Roman Catholic Diocese of Arlington

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Diocese of Arlington

Dioecesis Arlingtonensis
Cathedral-thomas more-arlington.jpg
Cathedral of St. Thomas More
Roman Catholic Diocese of Arlington (recolored).svg
Coat of arms
Flag of the Roman Catholic Diocese of Arlington.svg
Country United States
TerritoryVirginia Counties of Arlington, Clarke, Culpeper, Fairfax, Fauquier, Frederick, King George, Lancaster, Loudoun, Madison, Northumberland, Orange, Page, Prince William, Rappahannock, Richmond, Shenandoah, Spotsylvania, Stafford, Warren and Westmoreland; Cities of Alexandria, Fairfax, Falls Church, Fredericksburg, Manassas, Manassas Park, and Winchester in northeastern Virginia
Ecclesiastical provinceBaltimore
Coordinates38°52′14.4″N 77°06′12.2″W / 38.870667°N 77.103389°W / 38.870667; -77.103389Coordinates: 38°52′14.4″N 77°06′12.2″W / 38.870667°N 77.103389°W / 38.870667; -77.103389
Area6,541 sq mi (16,940 km2)
- Total
- Catholics (including non-members)
(as of 2013)
673,916[1] (22.7%)
DenominationCatholic Church
Sui iuris churchLatin Church
RiteRoman Rite
EstablishedMay 28, 1974 (1974-05-28)
CathedralCathedral of Saint Thomas More
Patron saintSt. Thomas More
Current leadership
BishopMichael F. Burbidge
Metropolitan ArchbishopWilliam Lori
Vicar GeneralJamie R. Workman
Bishops emeritusPaul Loverde
Diocese of Arlington map 1.jpg
Diocesan offices are located in this office building on North Glebe Road.
Basilica of St. Mary, Alexandria

The Diocese of Arlington (Latin: Dioecesis Arlingtonensis) is a Latin Church ecclesiastical territory or diocese of the Catholic Church in the Mid-Atlantic United States. The Diocese of Arlington comprises 70 parishes across 21 counties and seven independent cities.[2] The Diocese of Arlington is a suffragan diocese in the ecclesiastical province of the metropolitan Archdiocese of Baltimore.

Bishop Michael F. Burbidge is the ordinary of the diocese since December 2016; his residence is on the grounds of the Cathedral of Saint Thomas More in Arlington County, Virginia.[3] In 2013, there were 256 priests and 453,916 registered Catholics in the Diocese of Arlington.[1] As of 2013, the total population within the diocese, Catholic and non-Catholic, was 2,968,486.[1]

The diocese also operates two mission churches for the Diocese of San Juan de la Maguana in the Dominican Republic—Bánica Mission Parish (St. Francis of Assisi Church) and Pedro Santana Mission Parish, which are overseen by the diocesan Office of the Propagation of the Faith. The Director of the Propagation of the Faith in the Diocese of Arlington is currently Fr. Patrick L. Posey.[4]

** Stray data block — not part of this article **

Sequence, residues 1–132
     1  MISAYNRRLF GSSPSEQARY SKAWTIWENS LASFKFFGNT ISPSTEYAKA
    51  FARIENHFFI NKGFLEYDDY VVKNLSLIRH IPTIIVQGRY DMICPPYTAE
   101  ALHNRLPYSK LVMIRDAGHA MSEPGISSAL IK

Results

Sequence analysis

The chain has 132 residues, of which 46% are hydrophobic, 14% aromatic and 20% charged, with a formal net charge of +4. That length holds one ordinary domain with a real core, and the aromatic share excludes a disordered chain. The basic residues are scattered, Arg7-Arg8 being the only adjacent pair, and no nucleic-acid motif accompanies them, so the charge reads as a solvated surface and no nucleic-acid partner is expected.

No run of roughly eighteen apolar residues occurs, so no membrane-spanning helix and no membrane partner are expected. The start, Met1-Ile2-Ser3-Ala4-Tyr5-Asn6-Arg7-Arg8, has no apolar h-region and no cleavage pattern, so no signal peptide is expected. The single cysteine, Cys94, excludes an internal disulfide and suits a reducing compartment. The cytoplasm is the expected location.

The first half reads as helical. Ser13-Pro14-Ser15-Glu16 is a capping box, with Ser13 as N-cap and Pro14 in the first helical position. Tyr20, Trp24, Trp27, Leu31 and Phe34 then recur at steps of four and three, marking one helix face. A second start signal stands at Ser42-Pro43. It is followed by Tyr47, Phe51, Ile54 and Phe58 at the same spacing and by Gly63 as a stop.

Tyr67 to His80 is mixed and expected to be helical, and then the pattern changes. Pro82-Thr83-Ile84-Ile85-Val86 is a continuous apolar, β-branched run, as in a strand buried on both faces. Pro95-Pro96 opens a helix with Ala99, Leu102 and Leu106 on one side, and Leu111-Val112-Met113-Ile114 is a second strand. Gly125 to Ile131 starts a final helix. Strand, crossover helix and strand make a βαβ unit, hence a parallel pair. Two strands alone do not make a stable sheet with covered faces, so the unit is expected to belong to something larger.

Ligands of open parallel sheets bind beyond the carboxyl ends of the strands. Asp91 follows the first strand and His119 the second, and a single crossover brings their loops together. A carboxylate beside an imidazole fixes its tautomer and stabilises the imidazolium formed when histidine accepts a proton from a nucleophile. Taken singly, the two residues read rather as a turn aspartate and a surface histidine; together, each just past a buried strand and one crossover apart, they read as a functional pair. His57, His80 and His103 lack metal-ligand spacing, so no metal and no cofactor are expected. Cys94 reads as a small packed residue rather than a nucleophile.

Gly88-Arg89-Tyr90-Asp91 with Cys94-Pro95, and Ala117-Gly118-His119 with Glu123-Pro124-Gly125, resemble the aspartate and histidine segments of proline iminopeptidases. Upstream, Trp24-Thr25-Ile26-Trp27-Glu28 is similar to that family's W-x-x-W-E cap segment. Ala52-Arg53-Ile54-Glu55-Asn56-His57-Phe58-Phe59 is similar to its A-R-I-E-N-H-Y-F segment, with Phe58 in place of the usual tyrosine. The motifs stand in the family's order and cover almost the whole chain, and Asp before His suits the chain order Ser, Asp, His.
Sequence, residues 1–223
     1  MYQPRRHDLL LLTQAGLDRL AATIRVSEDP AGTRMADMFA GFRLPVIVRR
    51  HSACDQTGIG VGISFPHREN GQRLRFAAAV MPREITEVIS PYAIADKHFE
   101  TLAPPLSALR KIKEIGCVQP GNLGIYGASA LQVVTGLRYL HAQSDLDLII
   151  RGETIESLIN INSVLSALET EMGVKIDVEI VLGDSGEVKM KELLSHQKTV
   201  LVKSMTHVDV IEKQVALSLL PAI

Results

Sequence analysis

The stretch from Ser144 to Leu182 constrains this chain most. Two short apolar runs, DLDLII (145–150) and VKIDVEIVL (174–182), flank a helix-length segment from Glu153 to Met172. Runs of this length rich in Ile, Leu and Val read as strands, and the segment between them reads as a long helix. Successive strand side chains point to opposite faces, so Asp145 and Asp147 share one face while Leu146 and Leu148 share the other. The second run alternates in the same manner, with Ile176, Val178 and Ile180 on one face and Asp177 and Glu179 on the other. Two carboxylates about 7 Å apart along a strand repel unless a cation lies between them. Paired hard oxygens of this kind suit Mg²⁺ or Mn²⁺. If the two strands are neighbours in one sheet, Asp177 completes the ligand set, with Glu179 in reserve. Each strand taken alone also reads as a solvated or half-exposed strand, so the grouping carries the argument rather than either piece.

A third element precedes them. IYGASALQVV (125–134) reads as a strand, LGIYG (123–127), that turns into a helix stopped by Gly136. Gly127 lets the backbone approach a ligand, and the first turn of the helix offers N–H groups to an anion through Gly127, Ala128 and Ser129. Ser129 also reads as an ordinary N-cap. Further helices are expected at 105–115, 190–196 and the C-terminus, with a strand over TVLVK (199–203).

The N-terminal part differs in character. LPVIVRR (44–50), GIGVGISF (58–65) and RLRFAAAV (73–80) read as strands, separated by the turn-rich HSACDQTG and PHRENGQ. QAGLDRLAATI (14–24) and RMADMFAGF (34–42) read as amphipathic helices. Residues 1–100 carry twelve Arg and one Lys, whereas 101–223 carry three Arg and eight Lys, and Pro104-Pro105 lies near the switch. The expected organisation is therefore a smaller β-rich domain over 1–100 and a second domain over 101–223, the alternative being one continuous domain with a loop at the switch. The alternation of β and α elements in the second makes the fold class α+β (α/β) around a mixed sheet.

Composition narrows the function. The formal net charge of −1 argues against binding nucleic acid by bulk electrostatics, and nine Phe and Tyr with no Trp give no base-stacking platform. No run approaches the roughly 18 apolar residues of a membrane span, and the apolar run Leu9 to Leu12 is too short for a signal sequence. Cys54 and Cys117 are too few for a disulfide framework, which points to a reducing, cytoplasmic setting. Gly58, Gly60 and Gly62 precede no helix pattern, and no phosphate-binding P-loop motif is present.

The Diocese of Arlington is composed of 21 Northern Virginia counties and seven independent cities:[5]


Pope Paul VI erected the Diocese of Arlington, taking it territory from the neighboring Diocese of Richmond and making it a suffragan of the Archdiocese of Baltimore, on 28 May 1974.[6][7]

Female altar servers[edit]

The Diocese of Arlington was one of a few dioceses in the United States that did not allow female altar servers until 2006. As of 2020, the Diocese of Lincoln and Phoenix are the only dioceses in the United States that maintained this prohibition.[8]

Sexual abuse[edit]

On February 14, 2019, Bishop Michael F. Burbidge released a list of sixteen priests who had been credibly accused of sexual abuse in the Diocese of Arlington.[9][10] In 2010, Rev. Felix Owino A.J. pled guilty to molesting an 11-year-old girl in Fairfax County.[11] In 2011, Owino was given a nine-month prison sentence, a five-year suspended prison sentence[12] and the chance of being deported back to his native country of Kenya.[11] By 2018, Owino had been deported.[13][14] In March 2020, New Jersey priest Scott Asalone was arrested on charges of sexually abusing a teenager in Loudoun County, Virginia in 1985.[15] Washington D.C. councilman David Grosso publicly identified himself as the one who was sexually abused by Asalone.[16][15]